Clark was born on Dec. 23, 1944, and raised in Little Rock, Ark. He graduated first in his class from West Point and studied at Oxford University as a Rhodes Scholar. Clark's distinguished Army career includes a combat command in Vietnam, where he won Bronze and Silver stars; a White House fellowship; early promotions as major and later lieutenant colonel; and service as assistant executive officer to Gen. Alexander M. Haig Jr. when Haig was chief of NATO.

Stance: Clark has said that Serbians and ethnic Albanians are equally responsible for the ongoing civil war in Kosovo, but he blames Serb authorities for sparking the conflict by intimidating and repressing ethnic Albanians. In March 1999, he repeated warnings that NATO would not allow Milosevic to terrorize the population. "I think Milosevic has to understand that NATO does have the capability and means to make a very devastating series of attacks against him should that be required. He is not going to be given a free rein to smash the civilian populace and their villages in Kosovo," he told Britain's BBC radio.

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Robin Finlayson Cook
British foreign secretary and member of the Labor Party. Cook was a co-sponsor of the February 199 peace talks in Rambouillet, France, and attempted to help negotiate a cease-fire between Serbs and ethnic Albanians for peace in Kosovo. Described as a skilled debaters, genial and occasionally impatient, Cook was first elected to the British House of Commons in 1974 and has risen through party ranks. The Conservative Party's reign in British politics ended in the historic May 1997 elections when Labor's Tony Blair became prime minister. Blair appointed Cook, a member of Labor's old leftist guard, to his current job, one of the three top government posts. Despite his position, Cook has not made secret his ambitions to be the chancellor of the exchequer – a space already filled by one-time Blair rival Gordon Brown – and eventually leader of the party.

Stance: Britain, the United States, Russia, France, Italy and Germany form the Contact Group in charge of negotiating peace in the Balkans. Among the Western allies, Britain has been the staunchest supporter of airstrikes against Yugoslavia. But Britain has expressed doubts about the effectiveness of bombing and what it would solve if the Kosovo Albanians do not drop their demands for a referendum on independence by the end of a three-year interim period provided for in the draft accord. Unless the ethnic Albanians endorse all aspects of the peace deal, Cook said, "airstrikes on Belgrade are not going to help."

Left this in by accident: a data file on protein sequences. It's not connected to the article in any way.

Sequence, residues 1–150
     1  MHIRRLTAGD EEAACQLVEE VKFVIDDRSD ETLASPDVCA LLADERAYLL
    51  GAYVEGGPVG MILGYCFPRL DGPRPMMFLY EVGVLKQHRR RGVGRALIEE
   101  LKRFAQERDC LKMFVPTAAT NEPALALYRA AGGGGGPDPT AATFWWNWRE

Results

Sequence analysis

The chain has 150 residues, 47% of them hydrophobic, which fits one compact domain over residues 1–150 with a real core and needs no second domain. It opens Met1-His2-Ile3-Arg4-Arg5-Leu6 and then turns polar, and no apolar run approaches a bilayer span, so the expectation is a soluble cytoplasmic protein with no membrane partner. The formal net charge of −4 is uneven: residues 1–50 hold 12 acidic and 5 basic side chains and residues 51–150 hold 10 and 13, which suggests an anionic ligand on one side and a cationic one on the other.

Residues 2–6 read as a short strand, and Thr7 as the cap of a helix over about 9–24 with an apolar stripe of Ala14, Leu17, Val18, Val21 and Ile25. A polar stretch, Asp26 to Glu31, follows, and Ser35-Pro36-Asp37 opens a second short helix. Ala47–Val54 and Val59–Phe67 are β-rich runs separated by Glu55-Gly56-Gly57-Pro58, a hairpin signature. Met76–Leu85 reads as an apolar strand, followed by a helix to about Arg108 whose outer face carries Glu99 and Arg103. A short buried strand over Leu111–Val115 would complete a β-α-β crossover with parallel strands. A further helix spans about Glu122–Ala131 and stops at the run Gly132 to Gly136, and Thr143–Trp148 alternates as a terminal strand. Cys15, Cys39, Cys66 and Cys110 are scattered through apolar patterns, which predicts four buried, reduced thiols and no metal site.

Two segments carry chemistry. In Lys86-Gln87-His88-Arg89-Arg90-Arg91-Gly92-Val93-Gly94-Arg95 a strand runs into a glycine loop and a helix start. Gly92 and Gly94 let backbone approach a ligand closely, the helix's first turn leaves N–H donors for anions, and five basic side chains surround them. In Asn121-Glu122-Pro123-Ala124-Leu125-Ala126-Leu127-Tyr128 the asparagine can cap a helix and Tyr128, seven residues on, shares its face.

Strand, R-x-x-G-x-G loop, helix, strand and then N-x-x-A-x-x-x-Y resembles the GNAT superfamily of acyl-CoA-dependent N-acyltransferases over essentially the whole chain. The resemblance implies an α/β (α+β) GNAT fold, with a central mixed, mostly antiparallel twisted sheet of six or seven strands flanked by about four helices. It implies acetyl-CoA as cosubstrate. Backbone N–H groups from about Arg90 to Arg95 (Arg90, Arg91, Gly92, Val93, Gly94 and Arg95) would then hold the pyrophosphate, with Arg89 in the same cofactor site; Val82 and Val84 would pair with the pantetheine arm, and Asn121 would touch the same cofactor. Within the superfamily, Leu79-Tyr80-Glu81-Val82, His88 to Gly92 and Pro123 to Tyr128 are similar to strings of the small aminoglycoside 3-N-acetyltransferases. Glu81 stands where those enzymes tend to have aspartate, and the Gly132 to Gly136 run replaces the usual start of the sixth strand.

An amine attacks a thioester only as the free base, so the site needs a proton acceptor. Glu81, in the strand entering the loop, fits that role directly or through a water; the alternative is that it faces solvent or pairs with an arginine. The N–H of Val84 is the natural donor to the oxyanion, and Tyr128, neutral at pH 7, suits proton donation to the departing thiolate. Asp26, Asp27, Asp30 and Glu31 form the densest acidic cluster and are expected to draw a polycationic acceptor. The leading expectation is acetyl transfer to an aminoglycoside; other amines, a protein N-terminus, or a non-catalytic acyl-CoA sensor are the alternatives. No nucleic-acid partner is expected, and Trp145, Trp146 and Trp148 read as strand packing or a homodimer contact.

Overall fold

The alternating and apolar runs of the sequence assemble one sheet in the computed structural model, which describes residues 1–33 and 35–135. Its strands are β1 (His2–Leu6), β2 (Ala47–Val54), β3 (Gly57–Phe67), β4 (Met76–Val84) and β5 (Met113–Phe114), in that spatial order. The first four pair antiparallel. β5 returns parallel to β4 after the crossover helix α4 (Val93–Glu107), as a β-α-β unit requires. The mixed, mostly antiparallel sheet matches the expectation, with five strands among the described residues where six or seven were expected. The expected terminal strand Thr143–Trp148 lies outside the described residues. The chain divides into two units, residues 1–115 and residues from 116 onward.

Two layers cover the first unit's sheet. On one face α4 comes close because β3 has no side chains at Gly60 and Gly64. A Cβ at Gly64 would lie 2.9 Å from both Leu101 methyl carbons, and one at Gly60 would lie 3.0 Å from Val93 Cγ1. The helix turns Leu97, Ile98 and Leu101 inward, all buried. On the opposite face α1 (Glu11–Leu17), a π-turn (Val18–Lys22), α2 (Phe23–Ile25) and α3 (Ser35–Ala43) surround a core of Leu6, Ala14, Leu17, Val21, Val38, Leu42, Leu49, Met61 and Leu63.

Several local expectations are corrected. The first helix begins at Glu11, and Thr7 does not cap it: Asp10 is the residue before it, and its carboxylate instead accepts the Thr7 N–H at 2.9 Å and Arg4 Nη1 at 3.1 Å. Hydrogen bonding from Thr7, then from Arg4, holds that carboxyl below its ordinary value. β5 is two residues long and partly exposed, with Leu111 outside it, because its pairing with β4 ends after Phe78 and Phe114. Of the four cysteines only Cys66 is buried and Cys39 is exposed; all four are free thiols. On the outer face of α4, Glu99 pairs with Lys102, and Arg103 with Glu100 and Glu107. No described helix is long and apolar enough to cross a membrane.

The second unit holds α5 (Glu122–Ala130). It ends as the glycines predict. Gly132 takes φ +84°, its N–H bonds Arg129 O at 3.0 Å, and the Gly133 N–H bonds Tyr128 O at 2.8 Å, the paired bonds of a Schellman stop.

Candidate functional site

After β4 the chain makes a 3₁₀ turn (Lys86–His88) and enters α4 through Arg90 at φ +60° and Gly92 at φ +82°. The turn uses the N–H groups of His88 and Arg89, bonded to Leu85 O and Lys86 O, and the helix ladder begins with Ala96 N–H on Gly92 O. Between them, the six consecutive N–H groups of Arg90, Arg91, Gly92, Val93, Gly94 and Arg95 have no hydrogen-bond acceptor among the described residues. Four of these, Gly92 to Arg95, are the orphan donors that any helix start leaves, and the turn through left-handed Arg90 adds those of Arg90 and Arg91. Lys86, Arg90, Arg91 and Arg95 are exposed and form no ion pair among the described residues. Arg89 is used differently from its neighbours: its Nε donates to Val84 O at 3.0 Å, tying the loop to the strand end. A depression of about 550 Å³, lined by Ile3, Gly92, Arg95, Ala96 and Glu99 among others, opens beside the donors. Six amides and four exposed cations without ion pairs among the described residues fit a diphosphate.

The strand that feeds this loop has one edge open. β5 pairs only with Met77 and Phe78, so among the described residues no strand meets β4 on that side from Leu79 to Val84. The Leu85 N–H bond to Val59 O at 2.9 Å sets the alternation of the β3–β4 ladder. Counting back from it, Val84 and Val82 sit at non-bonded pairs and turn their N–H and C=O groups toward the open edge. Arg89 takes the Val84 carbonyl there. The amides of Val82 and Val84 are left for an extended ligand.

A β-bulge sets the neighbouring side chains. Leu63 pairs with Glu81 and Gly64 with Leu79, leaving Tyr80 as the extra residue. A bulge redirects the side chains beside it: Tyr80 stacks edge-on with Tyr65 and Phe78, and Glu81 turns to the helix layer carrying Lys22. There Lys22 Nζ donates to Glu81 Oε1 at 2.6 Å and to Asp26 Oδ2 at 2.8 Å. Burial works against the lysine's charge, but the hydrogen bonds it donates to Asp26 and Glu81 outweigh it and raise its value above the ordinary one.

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Christopher Hill
U.S. ambassador to Macedonia and chief Western architect of a draft plan to the year-long ethnic war in Kosovo. Secretary of State Madeleine K. Albright chose Hill to conduct the Kosovo negotiations in France because of his calmness, patience and devotion to detail – qualities he demonstrated as an aide to the volatile U.S. diplomat Richard C. Holbrooke during the 1995 Bosnian peace negotiations in Dayton. The 46-year-old Rhode Island native will replace Richard Miles as the United States' chief diplomat in Belgrade.

Stance: Hill and the Clinton administration favor an accord that would give Kosovo wide autonomy, but not independence from Serbia. "The beauty of the interim [Kosovo peace] accord is that no one has to give up their dreams," Hill said. The underlining idea of Hill's plan is that Kosovo's attainment of independence could spark a broader conflict in the region by raising new questions about the formation of a larger ethnic Albanian entity composed of Kosovo, Albania, Macedonia and parts of the Yugoslav republic of Montenegro.

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Richard Holbrooke
HolbrookeCurrently serving as U.S. ambassador to the United Nations, Richard Holbrooke was sent to Yugoslavia to try to negotiate a last-minute settlement of the Kosovo crisis before NATO airstrikes began on March 24. Holbrooke, the administration's most experienced hand in the Balkans, helped broker the 1995 Dayton peace accords that ended Yugoslavia's war with Bosnia. He has a reputation as a bold strategist and risk-taker who relishes being in the spotlight.

Holbrook's career as a diplomat stretches back as far as the Carter administration, when he served as assistant secretary of state for Asian affairs. During President Clinton's first term, Holbrooke was assistant secretary of state for European affairs. He left that post to return to investment banking, but continued to take diplomatic assignments from Clinton.

Holbrooke served as Cyprus envoy and traveled to Yugoslavia in early 1998 to pressure Yugoslav President Slobodan Milosevic to temper his crackdown against Kosovo's separatist Albanian guerrillas. In October, Holbrooke negotiated a cease-fire agreement with Milosevic.

His U.N. nomination, announced in June 1998, was delayed as the Justice and State departments investigated conflict-of-interest allegations. In February, he agreed to pay $5,000 to settle the matter. His nomination has since been confirmed by the Senate.

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Igor Ivanov